After an abysmal quarter, weed stocks have been battered across the board. Industry leader Canopy Growth’s (TSX:WEED)(NYSE:CGC) stock has been hit the worst and is now trading at its lowest value since weed was legalized in 2017.
Investor sentiment in this sector has clearly moved to extreme pessimism and with good reason. Growth and cash flow expectations have been dashed, as Canopy reported a loss of $374.6 million or $1.08 a share in its second quarter and net revenue declined 15% sequentially to $76.6 million –worrying signs for a “growth” stock.
Unsurprisingly, the stock is down by double-digit percentages since the results were announced. However, I believe this recent plunge in the company’s valuation offers long-term investors a healthy point of entry. Canopy is likely to survive this current phase of turmoil and consolidation and come out on top.
Here are three reasons for my optimism.
Low valuation to cash
The recent correction has made the valuation of weed stocks more realistic. Gone are the days when a cannabis producer could trade at hundreds of times revenue. Now, investors are much more skeptical and the valuations are more in line with fundamentals.
In Canopy’s case, I believe the current valuation is falling below fundamentals. Let’s not forget that this company is backed by one of the world’s largest alcoholic beverage producers and has billions in cash on hand. $2.7 billion to be exact, according to its latest reports.
At the moment, the stock is trading at 2.67 times this cash per share value, which indicates that investors have oversold.
Path to profitability
Unlike its smaller and less resourceful rivals, Canopy has a path to profitability because of its cash hoard. That $2.7 billion is likely to keep the company funded for the next three years. Over three years, Canopy’s production facilities will be fully operational, the market price for its product will stabilize, and marketing expenses will moderate.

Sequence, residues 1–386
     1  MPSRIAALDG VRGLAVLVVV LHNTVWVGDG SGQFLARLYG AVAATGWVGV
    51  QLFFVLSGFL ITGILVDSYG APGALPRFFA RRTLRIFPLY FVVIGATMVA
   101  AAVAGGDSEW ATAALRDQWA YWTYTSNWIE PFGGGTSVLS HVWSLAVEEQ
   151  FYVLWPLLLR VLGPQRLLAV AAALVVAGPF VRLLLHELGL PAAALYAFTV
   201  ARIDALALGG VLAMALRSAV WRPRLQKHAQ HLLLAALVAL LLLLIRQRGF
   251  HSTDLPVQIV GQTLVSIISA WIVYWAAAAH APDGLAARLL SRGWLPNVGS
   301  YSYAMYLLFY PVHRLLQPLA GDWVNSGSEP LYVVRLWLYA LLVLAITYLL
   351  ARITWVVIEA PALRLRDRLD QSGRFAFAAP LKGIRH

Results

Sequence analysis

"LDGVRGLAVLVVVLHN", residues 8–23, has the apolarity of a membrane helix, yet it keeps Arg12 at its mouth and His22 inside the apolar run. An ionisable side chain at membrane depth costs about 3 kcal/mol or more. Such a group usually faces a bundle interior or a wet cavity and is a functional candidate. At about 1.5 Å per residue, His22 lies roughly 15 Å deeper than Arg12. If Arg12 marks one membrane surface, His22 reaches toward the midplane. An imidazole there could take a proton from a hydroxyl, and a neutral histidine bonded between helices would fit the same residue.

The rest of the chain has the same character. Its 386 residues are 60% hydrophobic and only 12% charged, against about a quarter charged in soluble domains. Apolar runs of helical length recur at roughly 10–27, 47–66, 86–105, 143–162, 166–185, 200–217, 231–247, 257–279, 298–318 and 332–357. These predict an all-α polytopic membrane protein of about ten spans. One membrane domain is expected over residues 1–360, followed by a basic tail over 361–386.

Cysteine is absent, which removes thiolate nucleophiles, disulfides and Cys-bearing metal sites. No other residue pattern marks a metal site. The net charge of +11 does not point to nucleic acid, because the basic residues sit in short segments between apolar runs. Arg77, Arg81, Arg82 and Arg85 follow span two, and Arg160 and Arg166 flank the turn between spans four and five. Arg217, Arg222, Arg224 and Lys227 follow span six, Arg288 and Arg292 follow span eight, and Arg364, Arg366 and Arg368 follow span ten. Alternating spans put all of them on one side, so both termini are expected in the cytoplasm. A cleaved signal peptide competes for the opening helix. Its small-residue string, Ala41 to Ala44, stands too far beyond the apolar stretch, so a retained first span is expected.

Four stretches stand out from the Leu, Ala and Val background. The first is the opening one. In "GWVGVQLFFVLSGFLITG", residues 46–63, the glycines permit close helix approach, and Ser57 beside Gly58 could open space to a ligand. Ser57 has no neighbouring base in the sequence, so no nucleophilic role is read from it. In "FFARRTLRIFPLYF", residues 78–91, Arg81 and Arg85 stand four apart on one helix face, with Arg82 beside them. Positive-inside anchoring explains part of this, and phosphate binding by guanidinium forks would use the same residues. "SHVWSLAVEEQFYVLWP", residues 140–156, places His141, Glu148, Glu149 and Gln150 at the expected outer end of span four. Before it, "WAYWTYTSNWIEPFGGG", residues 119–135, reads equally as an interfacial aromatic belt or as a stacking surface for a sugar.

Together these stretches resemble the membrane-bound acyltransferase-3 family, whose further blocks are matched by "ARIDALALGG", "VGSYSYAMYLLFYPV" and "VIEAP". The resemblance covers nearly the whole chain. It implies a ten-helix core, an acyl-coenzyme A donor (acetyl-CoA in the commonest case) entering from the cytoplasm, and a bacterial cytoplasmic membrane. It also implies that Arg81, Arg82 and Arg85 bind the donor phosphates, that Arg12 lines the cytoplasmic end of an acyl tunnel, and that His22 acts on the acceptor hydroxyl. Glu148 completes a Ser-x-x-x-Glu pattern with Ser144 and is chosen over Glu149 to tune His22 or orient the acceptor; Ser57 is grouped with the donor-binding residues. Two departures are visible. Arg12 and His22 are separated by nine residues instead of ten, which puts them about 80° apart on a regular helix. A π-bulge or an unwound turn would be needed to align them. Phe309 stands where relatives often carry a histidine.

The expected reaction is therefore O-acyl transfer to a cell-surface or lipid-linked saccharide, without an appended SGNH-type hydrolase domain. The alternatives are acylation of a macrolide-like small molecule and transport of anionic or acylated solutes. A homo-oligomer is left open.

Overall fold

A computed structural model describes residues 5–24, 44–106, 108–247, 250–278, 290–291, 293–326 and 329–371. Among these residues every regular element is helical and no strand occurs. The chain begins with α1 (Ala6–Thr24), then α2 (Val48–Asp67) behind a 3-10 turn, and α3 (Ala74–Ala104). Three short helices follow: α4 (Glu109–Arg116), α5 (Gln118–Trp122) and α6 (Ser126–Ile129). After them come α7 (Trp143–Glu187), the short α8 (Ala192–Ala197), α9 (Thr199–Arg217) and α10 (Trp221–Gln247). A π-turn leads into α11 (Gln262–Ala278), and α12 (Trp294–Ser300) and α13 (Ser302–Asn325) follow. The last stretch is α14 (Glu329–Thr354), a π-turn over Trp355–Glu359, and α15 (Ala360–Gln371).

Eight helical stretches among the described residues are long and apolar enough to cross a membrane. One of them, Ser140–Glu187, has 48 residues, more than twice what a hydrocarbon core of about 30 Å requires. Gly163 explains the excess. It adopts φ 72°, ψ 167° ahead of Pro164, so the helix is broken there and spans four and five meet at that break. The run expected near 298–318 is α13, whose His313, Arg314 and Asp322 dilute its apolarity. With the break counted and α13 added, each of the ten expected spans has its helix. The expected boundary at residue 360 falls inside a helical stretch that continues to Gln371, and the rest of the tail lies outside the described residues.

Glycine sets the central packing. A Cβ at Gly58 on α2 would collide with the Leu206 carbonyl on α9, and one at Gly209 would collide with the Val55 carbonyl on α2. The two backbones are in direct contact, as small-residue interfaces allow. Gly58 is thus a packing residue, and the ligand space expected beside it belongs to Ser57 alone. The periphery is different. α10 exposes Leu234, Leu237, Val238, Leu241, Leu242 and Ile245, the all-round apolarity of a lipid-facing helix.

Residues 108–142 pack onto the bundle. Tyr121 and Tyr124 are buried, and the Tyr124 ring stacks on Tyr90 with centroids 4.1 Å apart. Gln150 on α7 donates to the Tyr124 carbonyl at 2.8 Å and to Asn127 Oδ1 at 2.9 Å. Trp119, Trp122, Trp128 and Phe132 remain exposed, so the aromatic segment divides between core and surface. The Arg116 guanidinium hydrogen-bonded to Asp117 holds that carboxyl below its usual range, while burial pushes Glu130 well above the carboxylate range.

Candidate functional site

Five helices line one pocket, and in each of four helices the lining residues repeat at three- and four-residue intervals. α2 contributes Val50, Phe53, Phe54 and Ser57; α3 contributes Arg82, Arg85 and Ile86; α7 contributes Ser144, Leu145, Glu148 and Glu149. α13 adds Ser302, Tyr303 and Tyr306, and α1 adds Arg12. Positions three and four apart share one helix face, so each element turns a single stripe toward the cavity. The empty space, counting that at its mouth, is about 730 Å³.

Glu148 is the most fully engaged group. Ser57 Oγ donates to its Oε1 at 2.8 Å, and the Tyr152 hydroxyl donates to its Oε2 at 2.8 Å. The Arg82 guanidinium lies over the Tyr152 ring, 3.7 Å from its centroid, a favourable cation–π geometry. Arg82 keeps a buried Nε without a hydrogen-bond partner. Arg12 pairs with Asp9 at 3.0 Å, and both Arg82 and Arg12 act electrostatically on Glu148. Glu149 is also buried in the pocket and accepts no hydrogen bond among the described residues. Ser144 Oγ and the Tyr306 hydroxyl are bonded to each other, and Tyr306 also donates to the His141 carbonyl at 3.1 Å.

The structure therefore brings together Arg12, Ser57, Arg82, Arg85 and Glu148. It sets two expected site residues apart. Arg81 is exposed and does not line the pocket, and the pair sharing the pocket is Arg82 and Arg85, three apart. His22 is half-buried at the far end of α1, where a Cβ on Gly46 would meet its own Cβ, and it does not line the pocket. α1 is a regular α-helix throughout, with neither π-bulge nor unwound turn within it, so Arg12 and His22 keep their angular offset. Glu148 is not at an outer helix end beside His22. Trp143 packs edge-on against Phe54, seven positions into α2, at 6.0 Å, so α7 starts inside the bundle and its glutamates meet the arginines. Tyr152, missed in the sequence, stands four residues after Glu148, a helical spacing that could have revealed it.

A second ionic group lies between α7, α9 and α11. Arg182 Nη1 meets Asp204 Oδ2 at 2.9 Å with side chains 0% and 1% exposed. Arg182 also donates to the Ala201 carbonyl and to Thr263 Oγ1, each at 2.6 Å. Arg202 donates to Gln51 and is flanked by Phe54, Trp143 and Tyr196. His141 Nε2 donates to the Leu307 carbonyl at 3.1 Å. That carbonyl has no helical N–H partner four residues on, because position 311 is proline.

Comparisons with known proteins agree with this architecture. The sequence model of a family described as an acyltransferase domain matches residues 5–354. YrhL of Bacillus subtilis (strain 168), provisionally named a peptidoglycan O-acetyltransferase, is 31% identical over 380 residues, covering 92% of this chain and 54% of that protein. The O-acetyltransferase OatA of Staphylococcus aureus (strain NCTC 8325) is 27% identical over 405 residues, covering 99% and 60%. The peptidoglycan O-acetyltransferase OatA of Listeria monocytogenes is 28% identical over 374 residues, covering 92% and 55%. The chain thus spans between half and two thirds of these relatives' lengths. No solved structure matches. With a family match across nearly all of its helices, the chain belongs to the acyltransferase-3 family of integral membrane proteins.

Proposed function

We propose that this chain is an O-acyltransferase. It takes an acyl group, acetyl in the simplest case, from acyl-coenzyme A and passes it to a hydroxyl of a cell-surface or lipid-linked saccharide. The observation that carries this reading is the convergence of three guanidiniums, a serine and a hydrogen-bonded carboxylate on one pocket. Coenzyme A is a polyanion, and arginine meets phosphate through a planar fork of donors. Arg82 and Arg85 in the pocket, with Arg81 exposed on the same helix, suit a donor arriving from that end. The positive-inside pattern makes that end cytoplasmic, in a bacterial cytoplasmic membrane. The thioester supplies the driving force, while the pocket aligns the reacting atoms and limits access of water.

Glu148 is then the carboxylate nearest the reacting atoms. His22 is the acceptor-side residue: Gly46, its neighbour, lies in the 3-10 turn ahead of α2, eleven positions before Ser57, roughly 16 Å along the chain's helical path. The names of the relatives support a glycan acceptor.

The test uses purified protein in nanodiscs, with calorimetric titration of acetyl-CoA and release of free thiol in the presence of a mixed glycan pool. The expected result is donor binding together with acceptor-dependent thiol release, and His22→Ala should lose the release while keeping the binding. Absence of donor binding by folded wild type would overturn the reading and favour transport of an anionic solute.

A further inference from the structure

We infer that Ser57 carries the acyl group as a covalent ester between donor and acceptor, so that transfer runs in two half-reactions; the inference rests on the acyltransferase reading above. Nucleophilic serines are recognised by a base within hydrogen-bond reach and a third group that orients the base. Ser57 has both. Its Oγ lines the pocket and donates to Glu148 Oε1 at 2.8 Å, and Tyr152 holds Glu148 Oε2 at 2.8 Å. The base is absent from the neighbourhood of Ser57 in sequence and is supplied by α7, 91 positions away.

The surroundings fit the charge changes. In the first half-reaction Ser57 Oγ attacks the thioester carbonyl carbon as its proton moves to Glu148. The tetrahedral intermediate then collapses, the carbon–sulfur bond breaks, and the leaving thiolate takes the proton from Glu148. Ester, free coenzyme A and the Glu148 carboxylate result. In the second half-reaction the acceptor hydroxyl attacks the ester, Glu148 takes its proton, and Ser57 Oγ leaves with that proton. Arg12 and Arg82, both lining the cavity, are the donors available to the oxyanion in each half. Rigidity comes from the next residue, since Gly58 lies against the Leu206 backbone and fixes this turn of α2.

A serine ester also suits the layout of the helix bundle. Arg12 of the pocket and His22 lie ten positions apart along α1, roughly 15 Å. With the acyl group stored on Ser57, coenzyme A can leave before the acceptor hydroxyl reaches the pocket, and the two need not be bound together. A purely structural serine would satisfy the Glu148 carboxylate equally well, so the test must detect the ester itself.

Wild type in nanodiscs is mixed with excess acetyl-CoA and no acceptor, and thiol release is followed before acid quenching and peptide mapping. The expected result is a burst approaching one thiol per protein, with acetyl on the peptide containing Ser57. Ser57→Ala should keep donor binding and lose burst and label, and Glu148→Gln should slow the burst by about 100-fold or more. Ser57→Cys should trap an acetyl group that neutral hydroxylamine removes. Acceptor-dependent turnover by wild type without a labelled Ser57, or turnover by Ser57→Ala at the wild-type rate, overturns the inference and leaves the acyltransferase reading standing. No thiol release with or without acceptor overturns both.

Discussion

In other words, Canopy doesn’t need to issue more shares or borrow external capital to keep operations going, as its smaller rivals fail and leave more space for the company to expand. I estimate that Canopy could be profitable by 2022.
Emerging consumer brands
Canopy’s recent partnership with Drake is a clear indication that this company will dominate the consumer market for weed with exceptional brands.
Tweed and Tokyo Smoke are already emerging as recognized brands on social media. Martha Stewart, rapper Snoop Dogg, and actor Seth Rogan have already teamed up with Canopy, so adding the Toronto rap star is another partnership that adds immense value to Canopy’s brand portfolio.
Over time, I expect these brands to create intangible value and a competitive advantage for the company that should help it cement its lead in the industry.
Betting on weed stocks isn’t for the faint of heart at the moment. The industry faces plenty of challenges. However, I believe none of these challenges are existential or insurmountable for Canopy.
If my thesis is correct, long-term shareholders should see the current market price of Canopy’s stock as an excellent opportunity.
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Fool contributor Vishesh Raisinghani has no position in any of the stocks mentioned.